More than 70 percent of American youth were exposed to e-cigarette ads in 2014, according to a report released Tuesday by the Centers for Disease Control and Prevention. While e-cigarettes can contain nicotine, which causes addiction and can affect adolescent brain development, the product doesn’t face the same advertising restrictions as regular cigarettes. As a result, e-cigarette companies have been free to aggressively market their harmful product to children without consequences.

According to the 2014 National Youth Tobacco Survey, over 18 million middle school and high school students reported seeing e-cigarette ads. The majority of youth were exposed to these ads in retail stores, followed by the Internet, movies, television, newspapers and magazines.

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The CDC report also found that an increase of e-cigarette ads could be linked to an increase in youth e-cigarette use. E-cigarette companies have aggressively amped up their advertising efforts, with advertising spending going from $6.4 million in 2011 to $115 million in 2015. At the same time, e-cigarette use among middle school and high school students have increased from 1 percent to 4 percent and from 2 percent to 13 percent respectively.

The marketing efforts have had dangerous consequences. The CDC found that the number of youth using e-cigarettes tripled from 2013 to 2014, following the rapid increase in advertising efforts. E-cigarette use has serious consequences on a young person’s health. E-cigarettes contain addictive nicotine, cancer-causing chemicals such as formaldehyde, and the flavoring in e-cigarettes have been found to cause a disease known as “popcorn lung.”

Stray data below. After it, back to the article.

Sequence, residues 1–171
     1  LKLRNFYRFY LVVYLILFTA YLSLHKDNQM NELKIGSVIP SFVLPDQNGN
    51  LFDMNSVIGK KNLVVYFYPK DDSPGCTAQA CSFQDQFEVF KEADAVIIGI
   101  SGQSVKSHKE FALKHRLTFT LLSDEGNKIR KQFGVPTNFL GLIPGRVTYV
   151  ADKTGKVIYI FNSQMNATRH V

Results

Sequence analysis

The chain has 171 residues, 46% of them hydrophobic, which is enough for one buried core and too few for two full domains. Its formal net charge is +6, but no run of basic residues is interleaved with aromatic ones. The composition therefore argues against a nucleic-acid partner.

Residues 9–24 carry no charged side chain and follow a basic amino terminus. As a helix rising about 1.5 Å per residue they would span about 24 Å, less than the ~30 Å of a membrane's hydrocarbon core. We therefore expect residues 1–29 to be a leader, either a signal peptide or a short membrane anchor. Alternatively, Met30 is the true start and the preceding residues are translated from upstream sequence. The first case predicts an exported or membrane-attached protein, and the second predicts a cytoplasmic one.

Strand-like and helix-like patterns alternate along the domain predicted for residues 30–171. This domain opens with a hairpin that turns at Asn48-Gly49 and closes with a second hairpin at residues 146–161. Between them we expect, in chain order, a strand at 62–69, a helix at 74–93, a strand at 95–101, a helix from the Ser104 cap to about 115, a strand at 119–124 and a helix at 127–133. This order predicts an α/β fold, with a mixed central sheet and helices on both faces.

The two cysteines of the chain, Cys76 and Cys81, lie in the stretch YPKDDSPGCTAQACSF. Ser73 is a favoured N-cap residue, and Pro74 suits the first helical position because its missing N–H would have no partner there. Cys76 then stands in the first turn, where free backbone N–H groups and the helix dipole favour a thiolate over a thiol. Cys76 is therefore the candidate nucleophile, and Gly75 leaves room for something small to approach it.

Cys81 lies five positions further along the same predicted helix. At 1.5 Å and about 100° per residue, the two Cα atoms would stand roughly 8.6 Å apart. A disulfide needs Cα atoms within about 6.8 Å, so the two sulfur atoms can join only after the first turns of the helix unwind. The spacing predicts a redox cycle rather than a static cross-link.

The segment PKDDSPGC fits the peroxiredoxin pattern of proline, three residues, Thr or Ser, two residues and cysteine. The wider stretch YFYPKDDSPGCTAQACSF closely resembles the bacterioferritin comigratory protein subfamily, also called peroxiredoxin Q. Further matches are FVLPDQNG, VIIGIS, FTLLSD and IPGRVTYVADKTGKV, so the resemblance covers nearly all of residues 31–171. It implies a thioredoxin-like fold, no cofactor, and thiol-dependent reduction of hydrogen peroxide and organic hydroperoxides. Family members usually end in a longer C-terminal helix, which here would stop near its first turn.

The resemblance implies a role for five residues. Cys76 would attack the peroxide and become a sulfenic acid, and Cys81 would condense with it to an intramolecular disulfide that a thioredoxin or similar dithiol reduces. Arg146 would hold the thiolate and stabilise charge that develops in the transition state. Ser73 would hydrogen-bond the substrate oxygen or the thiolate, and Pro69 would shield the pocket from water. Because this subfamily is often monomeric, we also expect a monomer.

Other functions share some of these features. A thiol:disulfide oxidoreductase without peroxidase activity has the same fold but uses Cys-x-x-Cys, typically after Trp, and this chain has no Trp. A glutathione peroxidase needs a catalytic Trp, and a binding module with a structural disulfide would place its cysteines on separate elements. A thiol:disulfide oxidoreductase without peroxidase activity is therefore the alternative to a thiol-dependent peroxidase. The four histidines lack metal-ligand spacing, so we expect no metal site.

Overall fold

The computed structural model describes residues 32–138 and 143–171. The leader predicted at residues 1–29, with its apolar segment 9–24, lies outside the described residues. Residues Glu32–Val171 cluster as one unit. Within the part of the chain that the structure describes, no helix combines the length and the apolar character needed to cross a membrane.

Manufacturers maintain that they only market their products to adults, but that simply isn’t the case. Last year, First Focus uncovered over 500 cases of liquid nicotine being sold in kid-friendly flavors such as bubblegum and cotton candy.   Even more alarmingly, e-cigarette companies were adopting widely recognized and trusted kid-focused brands such as Cap’n Crunch cereal and
Winnie-the-Pooh to market their products to children. After our investigation, Sen. Markey (D-MA) and eight additional senators asked the U.S. Federal Trade Commission to investigate liquid nicotine retailers for deceptive practices. Eight senators sent letters to 147 liquid nicotine retailers requesting that they cease their marketing efforts immediately. Screen Shot 2016-01-08 at 1.17.15 PMA screenshot from uses Winnie-The-Boor to market their their product to children

It is high time to stand up against retailers who market e-cigarettes to children. To learn about what can be done, visit the CDC’s Vital Signs report for recommendations on what the federal government, states, health care providers, and parents can do to keep these dangerous products out of the hands of young people.

Thankfully, several Members of Congress have introduced legislation to protect children from e-cigarettes. Congresswoman Elizabeth Esty (D-CT) and Senator Barbara Boxer (D-CA)joined together to introduce the introduced the (H.R. 478/ S. 430) to impose the same restrictions on advertising conventional cigarettes to children on similarly harmful e-cigarettes.

And learn more about how the Stop Selling and Marketing to Our Kids E-Cigarettes (SMOKE) Act, introduced by Rep. Jackie Speier (D-CA), could limit marketing and help keep youth tobacco-free.

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